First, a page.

“Prior to accepting this post, we had discussed these and other potential differences, but unfortunately we did not adequately focus on these concerns. We are functioning from a different set of views on many critical items of policy,” the Gregg statement said. Yet at his press conference, the senator played down the census concern, saying it was “only a slight issue” in his decision.
“I’m a fiscal conservative, as everybody knows, a fairly strong one,” he said. “I just realized as the issues started coming at us and crystallizing that I just wouldn’t be a good fit.” That hardly explains how a veteran U.S. senator, proud of his reputation as a “fiscal conservative,” could have been unaware of his policy differences with Obama, whom Republicans told us repeatedly last year had the most liberal voting record of any U.S. senator. Only a few weeks ago, before he was nominated for the Commerce post, Gregg had high praise for Obama and spoke of his own lead role among Senate Republicans in gaining approval for the administration’s request for authorization to spend $350 billion on the Troubled Assets Relief Program for failing financial institutions.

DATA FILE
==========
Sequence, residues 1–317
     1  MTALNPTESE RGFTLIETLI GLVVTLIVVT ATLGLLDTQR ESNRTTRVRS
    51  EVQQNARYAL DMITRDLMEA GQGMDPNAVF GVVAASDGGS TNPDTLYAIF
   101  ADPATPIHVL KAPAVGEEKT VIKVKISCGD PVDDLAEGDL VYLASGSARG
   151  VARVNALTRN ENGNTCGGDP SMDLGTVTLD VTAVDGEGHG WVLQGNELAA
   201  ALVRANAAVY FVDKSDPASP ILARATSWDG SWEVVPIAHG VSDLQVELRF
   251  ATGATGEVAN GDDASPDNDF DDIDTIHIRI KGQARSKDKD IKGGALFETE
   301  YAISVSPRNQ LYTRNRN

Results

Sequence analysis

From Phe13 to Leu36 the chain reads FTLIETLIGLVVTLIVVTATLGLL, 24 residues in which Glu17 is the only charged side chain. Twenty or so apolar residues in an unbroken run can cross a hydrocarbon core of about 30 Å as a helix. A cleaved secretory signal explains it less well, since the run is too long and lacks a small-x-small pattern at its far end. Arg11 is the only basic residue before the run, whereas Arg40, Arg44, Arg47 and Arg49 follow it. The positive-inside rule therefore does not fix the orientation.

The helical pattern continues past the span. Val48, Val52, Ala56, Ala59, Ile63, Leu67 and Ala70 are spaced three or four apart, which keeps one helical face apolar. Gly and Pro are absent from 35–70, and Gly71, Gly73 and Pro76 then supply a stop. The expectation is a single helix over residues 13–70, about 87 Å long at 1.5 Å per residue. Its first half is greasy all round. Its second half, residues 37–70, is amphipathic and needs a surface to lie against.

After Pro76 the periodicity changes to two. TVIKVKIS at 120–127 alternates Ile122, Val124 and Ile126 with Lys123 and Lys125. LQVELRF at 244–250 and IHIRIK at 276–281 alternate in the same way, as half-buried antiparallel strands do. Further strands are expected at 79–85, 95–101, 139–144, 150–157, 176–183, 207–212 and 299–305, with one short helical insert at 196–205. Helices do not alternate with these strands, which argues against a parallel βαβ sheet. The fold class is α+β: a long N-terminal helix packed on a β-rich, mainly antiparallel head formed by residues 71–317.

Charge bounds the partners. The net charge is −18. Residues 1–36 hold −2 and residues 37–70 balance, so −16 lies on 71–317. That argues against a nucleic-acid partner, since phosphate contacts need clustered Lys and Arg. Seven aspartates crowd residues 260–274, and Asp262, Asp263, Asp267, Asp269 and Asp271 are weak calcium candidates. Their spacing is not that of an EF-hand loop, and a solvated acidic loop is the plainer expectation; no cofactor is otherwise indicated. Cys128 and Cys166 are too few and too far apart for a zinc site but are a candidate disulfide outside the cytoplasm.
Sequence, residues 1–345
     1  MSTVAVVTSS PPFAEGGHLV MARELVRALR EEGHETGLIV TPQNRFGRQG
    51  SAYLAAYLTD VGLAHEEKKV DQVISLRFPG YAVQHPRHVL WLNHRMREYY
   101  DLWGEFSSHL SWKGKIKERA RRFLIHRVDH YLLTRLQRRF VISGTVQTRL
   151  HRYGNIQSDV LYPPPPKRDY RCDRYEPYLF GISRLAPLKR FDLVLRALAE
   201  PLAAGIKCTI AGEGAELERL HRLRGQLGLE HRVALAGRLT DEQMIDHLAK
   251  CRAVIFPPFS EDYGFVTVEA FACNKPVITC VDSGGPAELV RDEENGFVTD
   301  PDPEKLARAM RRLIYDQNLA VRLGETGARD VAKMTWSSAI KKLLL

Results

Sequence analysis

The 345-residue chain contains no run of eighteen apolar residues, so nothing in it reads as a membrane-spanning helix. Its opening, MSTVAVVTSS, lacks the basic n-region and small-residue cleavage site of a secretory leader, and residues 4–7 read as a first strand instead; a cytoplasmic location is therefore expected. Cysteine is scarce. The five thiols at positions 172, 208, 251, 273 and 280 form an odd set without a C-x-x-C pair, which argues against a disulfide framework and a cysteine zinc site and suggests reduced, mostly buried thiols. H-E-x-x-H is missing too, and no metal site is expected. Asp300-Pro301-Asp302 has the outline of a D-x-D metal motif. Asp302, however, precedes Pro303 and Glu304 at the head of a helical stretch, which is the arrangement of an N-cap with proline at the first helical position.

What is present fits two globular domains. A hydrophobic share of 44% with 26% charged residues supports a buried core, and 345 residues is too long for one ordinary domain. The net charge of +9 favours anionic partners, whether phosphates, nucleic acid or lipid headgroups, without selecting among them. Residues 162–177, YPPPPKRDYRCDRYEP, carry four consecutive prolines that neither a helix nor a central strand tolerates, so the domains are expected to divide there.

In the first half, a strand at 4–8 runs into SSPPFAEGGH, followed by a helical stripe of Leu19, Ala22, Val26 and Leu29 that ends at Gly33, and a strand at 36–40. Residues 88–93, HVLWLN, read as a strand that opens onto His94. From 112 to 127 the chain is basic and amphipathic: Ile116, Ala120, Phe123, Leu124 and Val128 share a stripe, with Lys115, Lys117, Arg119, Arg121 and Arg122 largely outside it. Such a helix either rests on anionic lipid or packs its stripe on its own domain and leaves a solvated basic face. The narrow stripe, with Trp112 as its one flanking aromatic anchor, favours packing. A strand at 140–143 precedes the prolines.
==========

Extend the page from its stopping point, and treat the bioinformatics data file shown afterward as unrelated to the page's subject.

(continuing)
And while Gregg said at that time that he would try to make some changes in the president’s economic stimulus bill, he expected to vote for the $800 billion spending plan that appeared to fit the description of the “Obama Spendorama” that Gregg warned about when he was campaigning last year for John McCain. He later said that he looked forward to promoting the stimulus package as Commerce secretary. Since his nomination, Gregg has abstained from votes on the stimulus bill. Asked yesterday how he would have voted, Gregg suggested “we wait and see” how he votes on on the final version of the bill.